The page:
1. Your Reading Comprehension We all know that person, the one who eats burgers and still loses weight while you eat salad and yogurt and can’t shed a pound. Turns out the problem may not be your appetite; it could be your reading skills. According to a recent study healthy-sounding labels are duping dieters.
2. Your Diet Soda Habit Put down the pop! Studies have shown that subjects who drink two or more diet sodas a day have waist size increases up to six times greater than those of people who don’t drink diet soda. These insidious sodas may be free of calories, but they're not free of consequences!
3. Lack of Sleep New research suggests sleepless nights don’t just ruin your mood the next day—they could also damage your waistline. Researchers found that while sleepy folks seem to burn the same number of calories as well-rested people, they consume about 300 more calories a day.
4. The Room Temperature Trying to lose weight? Turn down the thermostat. A cozy home could be contributing to making you fat, suggests recent research. When our bodies are cold, we shiver, causing our muscles to contract to generate heat—and burn calories.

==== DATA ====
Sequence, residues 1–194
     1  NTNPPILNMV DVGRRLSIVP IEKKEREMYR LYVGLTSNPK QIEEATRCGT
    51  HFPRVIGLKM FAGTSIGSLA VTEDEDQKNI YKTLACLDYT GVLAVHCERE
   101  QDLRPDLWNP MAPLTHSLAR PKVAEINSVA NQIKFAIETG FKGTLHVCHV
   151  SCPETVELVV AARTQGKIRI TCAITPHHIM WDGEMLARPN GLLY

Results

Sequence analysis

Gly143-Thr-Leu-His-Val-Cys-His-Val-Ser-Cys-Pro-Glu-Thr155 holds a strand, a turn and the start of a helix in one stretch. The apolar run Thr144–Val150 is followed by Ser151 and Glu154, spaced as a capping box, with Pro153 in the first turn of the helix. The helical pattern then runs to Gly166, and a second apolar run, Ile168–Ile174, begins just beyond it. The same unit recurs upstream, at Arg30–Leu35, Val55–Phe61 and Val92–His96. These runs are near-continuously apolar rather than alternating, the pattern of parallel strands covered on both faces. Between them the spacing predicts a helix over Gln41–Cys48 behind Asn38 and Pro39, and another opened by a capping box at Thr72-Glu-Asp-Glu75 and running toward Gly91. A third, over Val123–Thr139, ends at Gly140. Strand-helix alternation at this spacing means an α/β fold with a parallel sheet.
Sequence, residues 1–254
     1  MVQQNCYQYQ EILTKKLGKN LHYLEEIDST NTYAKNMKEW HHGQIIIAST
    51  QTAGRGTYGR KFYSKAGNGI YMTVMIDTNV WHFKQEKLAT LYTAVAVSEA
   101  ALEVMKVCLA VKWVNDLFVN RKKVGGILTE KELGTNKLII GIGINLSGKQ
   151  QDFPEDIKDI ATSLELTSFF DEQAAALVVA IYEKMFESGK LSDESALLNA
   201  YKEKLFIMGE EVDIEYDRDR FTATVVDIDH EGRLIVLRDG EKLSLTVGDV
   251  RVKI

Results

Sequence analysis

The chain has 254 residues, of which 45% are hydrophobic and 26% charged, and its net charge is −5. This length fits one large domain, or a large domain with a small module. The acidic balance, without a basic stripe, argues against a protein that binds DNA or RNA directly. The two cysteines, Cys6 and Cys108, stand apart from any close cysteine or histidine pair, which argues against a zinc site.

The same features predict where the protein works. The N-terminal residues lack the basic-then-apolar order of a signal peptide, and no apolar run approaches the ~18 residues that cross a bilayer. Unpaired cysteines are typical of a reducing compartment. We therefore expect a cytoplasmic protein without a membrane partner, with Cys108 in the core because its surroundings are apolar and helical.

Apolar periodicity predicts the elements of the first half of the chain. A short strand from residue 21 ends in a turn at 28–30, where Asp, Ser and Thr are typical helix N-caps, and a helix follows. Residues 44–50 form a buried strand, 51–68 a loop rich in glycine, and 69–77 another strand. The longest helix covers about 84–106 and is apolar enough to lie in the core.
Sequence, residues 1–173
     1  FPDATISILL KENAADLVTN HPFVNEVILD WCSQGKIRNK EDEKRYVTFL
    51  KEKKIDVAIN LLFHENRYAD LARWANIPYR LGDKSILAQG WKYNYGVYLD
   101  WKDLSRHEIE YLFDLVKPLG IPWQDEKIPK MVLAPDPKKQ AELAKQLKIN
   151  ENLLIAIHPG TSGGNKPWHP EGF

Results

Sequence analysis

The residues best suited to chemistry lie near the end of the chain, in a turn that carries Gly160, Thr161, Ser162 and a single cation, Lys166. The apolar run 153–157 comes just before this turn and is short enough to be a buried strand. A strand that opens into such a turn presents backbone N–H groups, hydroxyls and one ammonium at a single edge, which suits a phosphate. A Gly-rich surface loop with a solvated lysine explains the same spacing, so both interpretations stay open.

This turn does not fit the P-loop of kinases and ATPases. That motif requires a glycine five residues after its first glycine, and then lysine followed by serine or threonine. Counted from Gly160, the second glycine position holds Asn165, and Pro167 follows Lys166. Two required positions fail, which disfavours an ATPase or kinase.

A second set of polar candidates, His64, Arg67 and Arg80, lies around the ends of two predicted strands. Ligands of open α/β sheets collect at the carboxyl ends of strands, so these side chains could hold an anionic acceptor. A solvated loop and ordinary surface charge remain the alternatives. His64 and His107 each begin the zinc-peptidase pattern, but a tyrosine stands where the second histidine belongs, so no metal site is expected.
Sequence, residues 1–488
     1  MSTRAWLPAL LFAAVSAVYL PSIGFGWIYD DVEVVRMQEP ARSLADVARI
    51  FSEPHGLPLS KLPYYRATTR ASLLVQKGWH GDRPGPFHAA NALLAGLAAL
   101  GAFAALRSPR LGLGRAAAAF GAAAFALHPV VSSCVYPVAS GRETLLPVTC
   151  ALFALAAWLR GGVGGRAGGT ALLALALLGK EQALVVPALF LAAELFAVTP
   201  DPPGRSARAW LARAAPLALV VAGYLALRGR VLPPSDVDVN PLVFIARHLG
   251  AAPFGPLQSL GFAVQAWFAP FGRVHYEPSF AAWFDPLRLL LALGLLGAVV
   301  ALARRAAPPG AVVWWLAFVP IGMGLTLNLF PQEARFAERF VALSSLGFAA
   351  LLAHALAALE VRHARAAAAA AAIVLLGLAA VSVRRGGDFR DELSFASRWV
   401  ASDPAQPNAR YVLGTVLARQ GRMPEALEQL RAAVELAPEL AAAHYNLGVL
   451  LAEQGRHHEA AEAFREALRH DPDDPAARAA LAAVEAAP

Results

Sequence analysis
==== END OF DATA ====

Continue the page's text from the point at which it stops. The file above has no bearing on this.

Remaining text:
5. Your Overweight Friends A New England Journal of Medicine study declared that people can actually ''catch'' obesity from close friends. When researchers followed 12,067 people over 32 years, they concluded that those of us with very close friends who are obese have a 171 per cent higher chance of becoming obese too. The theory goes: you're influenced by your friends, and if they overeat, you may unwittingly follow their lead. Surprisingly, spouses have less sway over the belly than close friends of the same sex.
6. Toxic Chemicals While you may never have heard of phthalates—a family of chemicals used to make plastics flexible—new evidence linking these and other “endocrine-disrupting” chemicals with obesity has been growing. In fact, researchers have taken to calling many of these substances obesogens (obesity-promoting chemicals).
7. Your Stress Level When you have chronic stress, your body steps up its production of cortisol and insulin. Your appetite increases, and so do the chances you’ll engage in “hedonistic” eating in the form of high-calorie sweets and fats. When you try to combat stress with food, you activate the reward center of your brain. After that initial feel-good spell wears off, you’ll reach again for the same thing that made you feel good, calm, and relaxed in the first place: more food.